Fairy Tales of Yesterday

Brandon holds up his hands defensively, bracing himself for the barrage Lana is eager to give. “I just want to see her for a minute, please,” He almost begs to her.

 

Lana puts her hands on her hips and leans slightly forward, “There’s only 10 minutes until it starts, and if you make her cry she’s going to RUIN her makeup!”

 

The dance is worn-in and familiar. It’s the same one they’d started over 30 years ago. It didn’t take long for Brandon to figure out her defenses. Placate her with defensive gestures, begging a question, almost. Sucker! Give her final say and she can’t say no, Brandon thinks as he smiles inwardly.

 

I know what he’s doing, Lana almost screams with frustration. He’s so pathetic, could I ever say no to him? “5 minutes,” she says, stepping close to her husband, putting both hands on his chest, then her head on top of them. Brandon wraps his own arms around his wife, setting his cheek down on top of her head, “Can you believe it? Where did all the time go?”

 

She pulls back, breaking their hug, lightly slapping his chest with her right hand, “Don’t you dare make me cry right now!” She turns away briefly, touching the back of her left hand to her eye, pulling it away and looking at it to make sure her eyeliner didn’t run. “Go on,” she waves her hand towards the door.

 

He stands up to the white door with the gold knob and sets his shaking hand on it, knocking with his left. “Sweetheart, may I come in?”

 

“Yes Daddy,” Sharon’s muffled voice responds. Brandon turns the knob and walks in. His daughter is standing across the room, various clothing items littering the floor and chairs in the small dressing room. He looks at her and sees the little girl with the gap toothed smile, freckles peppered across her nose, legs and arms too long for her little body. He sighs with a tear, realizing that’s how she’ll always look to him. “How do I look?” She asks expectantly, holding up the ruffles and material of her white wedding dress.

 

“You look absolutely beautiful, sweetheart. Jeff is a lucky man.”

 

She blushes and lets the material drop out of her hands, “Thank you, Daddy.” She crosses the room and throws her arms around his neck, squeezing tightly. “I love you so much, Daddy.”

 

He knows she’s standing on her tip toes, even though he can’t see it. He knows it just like he knows that she hates peanut butter, or that she’s still somewhat afraid of the dark, or that she wants a daughter and will name her Beth. His thoughts come to him, freezing him for a few seconds as tears well up in his eyes.

 

He realizes this will be their last moment they truly share as Father and Daughter. He’s known it from the moment she took her first steps, adventuring out into the world at his and Lana’s encouragement. It moves him to action, hugging her back in response. “I know Mom told you not to make me cry,” her chin moves across his chest, muffling out her words. “If you cry, then I’m going to cry, and the wedding is about to start!” Brandon exhales laughingly, wiping his hand across his nose and breathing in.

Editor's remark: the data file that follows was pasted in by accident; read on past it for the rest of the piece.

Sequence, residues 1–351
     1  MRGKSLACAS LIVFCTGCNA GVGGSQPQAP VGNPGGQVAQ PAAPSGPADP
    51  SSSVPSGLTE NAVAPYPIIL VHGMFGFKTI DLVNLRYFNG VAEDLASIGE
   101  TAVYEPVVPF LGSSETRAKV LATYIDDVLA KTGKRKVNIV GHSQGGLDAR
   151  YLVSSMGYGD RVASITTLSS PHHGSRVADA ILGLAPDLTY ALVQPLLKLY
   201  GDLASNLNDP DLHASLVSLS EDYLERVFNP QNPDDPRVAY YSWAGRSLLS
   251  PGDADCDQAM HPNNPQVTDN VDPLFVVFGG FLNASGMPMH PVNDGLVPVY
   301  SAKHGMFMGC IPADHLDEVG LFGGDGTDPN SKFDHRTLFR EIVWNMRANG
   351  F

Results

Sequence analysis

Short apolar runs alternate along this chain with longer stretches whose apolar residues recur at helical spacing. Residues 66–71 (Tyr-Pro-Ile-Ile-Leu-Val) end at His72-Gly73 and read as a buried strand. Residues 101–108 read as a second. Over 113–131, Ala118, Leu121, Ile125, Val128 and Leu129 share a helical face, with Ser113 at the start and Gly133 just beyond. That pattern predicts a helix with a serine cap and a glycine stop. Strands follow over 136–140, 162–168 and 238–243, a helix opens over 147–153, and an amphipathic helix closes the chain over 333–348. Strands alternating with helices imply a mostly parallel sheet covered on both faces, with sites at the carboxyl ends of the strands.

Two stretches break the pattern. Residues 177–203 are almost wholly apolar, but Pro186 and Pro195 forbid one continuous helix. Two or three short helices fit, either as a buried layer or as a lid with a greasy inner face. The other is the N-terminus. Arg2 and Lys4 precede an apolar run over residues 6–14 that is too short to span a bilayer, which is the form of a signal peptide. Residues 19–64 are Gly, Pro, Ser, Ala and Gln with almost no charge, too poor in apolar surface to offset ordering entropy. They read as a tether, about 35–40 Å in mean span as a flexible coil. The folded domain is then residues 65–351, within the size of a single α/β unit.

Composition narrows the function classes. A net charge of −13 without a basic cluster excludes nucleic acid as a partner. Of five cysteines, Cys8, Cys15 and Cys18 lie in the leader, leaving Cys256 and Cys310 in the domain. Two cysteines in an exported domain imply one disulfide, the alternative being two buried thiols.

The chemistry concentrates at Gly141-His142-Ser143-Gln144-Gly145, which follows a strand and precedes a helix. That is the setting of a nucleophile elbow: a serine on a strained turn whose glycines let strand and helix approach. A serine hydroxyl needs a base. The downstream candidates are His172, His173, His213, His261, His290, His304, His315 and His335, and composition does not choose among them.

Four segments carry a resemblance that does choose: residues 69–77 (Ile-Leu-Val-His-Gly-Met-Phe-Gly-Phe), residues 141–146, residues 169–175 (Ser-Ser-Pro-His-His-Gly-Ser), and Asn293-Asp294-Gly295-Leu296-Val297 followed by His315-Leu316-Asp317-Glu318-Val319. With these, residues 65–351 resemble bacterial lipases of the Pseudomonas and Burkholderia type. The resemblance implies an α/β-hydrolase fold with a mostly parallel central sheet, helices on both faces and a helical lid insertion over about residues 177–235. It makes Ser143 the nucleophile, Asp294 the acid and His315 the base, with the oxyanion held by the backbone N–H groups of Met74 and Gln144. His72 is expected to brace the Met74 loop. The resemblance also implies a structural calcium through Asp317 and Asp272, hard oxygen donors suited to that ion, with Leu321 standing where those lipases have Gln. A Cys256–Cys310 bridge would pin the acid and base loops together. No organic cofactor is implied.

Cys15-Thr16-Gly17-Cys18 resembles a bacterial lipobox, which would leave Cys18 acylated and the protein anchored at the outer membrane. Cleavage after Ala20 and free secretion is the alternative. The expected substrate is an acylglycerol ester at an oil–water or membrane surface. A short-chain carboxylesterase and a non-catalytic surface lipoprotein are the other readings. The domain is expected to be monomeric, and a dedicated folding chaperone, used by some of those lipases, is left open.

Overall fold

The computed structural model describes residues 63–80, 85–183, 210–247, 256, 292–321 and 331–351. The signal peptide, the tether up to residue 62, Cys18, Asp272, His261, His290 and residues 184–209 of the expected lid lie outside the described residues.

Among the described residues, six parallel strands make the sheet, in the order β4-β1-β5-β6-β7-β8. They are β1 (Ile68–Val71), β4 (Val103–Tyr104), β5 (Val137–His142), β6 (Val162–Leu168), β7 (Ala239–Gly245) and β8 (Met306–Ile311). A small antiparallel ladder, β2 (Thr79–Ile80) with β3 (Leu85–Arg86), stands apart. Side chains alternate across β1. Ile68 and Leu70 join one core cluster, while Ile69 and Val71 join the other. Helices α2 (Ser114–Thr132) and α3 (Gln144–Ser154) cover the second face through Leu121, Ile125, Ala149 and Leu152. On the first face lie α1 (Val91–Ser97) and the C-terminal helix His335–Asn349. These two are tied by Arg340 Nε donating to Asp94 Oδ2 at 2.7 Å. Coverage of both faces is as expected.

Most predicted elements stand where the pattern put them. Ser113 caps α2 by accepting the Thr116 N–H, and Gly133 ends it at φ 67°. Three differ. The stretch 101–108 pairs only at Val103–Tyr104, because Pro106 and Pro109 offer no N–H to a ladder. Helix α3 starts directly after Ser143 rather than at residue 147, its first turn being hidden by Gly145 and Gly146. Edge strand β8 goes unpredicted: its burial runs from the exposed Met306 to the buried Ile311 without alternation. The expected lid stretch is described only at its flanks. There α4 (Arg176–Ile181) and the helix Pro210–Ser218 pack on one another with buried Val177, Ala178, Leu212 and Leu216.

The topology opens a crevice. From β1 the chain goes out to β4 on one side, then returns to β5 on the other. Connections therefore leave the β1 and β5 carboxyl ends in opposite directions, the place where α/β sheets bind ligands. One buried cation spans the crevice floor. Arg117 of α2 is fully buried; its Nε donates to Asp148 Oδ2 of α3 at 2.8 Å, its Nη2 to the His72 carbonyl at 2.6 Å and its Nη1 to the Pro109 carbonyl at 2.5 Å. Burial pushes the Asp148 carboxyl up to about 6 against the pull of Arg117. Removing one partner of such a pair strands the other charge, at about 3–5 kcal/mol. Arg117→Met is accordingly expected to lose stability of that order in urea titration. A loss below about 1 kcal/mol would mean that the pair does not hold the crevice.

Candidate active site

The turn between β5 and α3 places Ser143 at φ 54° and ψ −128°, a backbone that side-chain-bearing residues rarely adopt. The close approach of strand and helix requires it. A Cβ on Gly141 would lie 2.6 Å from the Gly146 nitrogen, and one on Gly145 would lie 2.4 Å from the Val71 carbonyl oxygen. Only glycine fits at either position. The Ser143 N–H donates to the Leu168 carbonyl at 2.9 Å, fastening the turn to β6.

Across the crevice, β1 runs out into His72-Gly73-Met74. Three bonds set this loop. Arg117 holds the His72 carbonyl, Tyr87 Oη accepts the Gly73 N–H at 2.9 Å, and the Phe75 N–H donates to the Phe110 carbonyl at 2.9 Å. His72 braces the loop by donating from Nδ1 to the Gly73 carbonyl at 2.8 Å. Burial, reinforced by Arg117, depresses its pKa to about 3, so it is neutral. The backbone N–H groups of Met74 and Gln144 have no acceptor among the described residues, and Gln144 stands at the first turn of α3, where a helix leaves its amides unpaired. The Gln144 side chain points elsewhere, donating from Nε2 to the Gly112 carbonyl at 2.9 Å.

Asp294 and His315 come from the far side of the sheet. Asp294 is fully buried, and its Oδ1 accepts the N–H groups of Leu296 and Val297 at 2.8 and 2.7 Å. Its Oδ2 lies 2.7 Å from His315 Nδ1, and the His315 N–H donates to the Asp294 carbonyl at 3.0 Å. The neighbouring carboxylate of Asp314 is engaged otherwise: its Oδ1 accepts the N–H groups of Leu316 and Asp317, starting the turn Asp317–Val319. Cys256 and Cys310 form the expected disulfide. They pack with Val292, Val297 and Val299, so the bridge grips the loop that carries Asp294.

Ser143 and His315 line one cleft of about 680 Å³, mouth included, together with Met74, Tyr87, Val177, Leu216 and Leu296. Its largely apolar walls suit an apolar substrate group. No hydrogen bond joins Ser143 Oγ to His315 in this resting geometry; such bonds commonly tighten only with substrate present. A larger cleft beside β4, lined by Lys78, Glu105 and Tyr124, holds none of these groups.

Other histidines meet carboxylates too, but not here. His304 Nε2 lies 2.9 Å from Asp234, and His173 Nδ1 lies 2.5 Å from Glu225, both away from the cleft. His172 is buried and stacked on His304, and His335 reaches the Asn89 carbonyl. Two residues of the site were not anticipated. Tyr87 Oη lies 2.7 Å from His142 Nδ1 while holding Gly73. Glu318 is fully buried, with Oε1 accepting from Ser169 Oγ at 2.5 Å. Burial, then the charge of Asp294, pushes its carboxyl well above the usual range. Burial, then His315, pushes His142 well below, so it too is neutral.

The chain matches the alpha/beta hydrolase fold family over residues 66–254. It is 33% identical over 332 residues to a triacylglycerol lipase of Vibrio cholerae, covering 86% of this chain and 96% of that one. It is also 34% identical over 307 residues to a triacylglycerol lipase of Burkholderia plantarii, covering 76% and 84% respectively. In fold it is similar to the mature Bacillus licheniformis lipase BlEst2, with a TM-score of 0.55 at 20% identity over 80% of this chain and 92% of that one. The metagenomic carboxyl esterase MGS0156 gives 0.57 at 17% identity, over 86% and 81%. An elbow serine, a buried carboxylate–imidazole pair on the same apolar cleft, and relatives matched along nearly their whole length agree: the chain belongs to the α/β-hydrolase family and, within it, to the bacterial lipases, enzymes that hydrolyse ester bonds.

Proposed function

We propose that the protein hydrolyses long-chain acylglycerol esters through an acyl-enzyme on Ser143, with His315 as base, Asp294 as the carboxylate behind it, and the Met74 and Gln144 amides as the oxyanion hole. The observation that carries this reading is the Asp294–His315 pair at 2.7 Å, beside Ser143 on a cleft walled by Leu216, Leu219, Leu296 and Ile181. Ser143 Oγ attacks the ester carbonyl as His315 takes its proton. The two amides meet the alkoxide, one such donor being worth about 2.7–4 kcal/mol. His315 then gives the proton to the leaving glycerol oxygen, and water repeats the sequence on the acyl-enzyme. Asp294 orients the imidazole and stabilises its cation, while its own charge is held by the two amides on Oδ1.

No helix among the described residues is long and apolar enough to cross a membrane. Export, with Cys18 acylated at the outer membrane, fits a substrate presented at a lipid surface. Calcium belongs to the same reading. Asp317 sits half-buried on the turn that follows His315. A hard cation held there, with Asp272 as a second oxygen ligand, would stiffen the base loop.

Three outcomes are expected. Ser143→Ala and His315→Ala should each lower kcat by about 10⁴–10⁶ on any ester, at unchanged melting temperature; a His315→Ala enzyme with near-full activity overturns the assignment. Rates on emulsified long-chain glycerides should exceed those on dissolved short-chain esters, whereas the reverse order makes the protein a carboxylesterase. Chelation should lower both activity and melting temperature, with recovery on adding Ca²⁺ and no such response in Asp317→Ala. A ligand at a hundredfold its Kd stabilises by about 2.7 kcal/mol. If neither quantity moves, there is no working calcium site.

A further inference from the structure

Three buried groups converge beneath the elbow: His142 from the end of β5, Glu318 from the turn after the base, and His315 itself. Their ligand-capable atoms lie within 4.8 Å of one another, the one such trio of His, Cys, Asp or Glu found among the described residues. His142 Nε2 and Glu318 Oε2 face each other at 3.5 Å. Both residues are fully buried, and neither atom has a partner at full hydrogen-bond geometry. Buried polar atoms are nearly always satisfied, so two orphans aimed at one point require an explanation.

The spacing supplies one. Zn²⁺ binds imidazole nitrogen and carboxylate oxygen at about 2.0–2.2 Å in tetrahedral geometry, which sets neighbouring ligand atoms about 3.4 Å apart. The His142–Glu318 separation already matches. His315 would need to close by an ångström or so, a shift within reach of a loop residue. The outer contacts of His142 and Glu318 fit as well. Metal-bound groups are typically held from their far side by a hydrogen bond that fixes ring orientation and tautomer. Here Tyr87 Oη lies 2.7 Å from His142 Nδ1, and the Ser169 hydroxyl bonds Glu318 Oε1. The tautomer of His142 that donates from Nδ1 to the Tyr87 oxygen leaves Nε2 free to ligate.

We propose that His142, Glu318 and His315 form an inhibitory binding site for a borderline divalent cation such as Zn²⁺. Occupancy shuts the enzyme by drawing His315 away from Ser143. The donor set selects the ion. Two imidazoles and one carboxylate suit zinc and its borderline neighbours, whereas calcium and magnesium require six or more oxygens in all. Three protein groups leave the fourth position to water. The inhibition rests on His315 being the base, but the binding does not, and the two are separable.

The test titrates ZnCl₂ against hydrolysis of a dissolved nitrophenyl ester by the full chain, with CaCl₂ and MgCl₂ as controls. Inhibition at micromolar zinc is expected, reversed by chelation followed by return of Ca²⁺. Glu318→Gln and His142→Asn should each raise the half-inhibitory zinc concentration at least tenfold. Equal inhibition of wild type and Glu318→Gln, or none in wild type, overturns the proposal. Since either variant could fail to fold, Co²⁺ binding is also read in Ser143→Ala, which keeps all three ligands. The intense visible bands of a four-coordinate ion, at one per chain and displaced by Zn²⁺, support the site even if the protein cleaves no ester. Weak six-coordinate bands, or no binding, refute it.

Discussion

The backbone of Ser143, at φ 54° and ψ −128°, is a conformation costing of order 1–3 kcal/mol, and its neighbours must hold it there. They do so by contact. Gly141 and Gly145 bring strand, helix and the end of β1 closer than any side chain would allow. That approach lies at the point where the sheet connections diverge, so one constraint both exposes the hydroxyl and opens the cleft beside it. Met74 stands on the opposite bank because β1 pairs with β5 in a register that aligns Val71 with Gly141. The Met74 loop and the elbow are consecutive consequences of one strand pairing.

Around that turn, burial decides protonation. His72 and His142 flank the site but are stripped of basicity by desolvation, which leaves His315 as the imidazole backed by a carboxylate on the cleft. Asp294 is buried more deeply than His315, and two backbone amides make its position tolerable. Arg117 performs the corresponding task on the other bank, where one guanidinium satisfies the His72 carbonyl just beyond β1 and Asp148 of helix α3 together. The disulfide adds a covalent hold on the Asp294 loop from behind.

“Don’t cry, Daddy,” Lana tells him. He pulls back from his own thoughts and in an instant the wedding dress fades and swirls, a hospital gown replacing it. It has little bears with band-aids on them scattered across it. The wall of machines booping and beeping cheerily away, oblivious to the family packed into the tiny hospital room. Lana is standing up behind him, her cheek pressed against his back, her sobs making her head heave up and down against it. “Don’t cry, Daddy. You’re going to make me cry.”

 

Her little face, freckles splashed across the nose, the various tubes making her long arms unable to reach out and hold him, her long legs tucked away underneath the hospital blanket. Lana pulls her head off of Brandon’s back, resting her chin on his shoulder to look at their daughter. “I’m sorry sweetheart, I’m trying not to cry,” Brandon says as his chin trembles, stifling an open sob. Lana smiles through the tears falling off her face, soaking Brandon’s shirt in yet another spot.

 

“You’ll just go to sleep, and when you wake up, everything will be better. I promise,” Lana tells her daughter, moving to sit on the bed next to her. “Do you want me to sing to you?”

 

Sharon looks down, then asks very quietly, “Is it, would it be okay if Daddy did it?”

 

Lana, desperately trying to not show the hurt on her face, “Of course, sweetheart. Of course it’s okay.”

 

Brandon’s entire body is shaking. He’s angry. He’s sad. He’s hurt. He knows the world will never be the same again. He knows this will be the last time he sings to his daughter. He knows it every bit as much as the look of the mangled car the paramedics pulled them from. He knows because the words the doctor spoke to him simply didn’t make sense, so much so that they caused him to faint, to try to escape the broken reality that was now his life; this ugly thing that was now his world.

 

He steels himself, breathing deeply, and begins to sing, “You are my sunshine, my only sunshine….”

 

The world turns black. He doesn’t know what he’s saying. Am I singing? Are there words? Am I dead? Nothing makes sense, there’s no up or down, no left or right, only the dark and the knowledge that he, simply, is. He becomes immersed in the dead world, cast as a zombie in the remainder of the play, a mindless thing searching endlessly for a long forgotten wanting. It’s forced on him as he falls down into it.

 

“…so please don’t take, my sunshine, away.”

 

©Ramon Sturdivant

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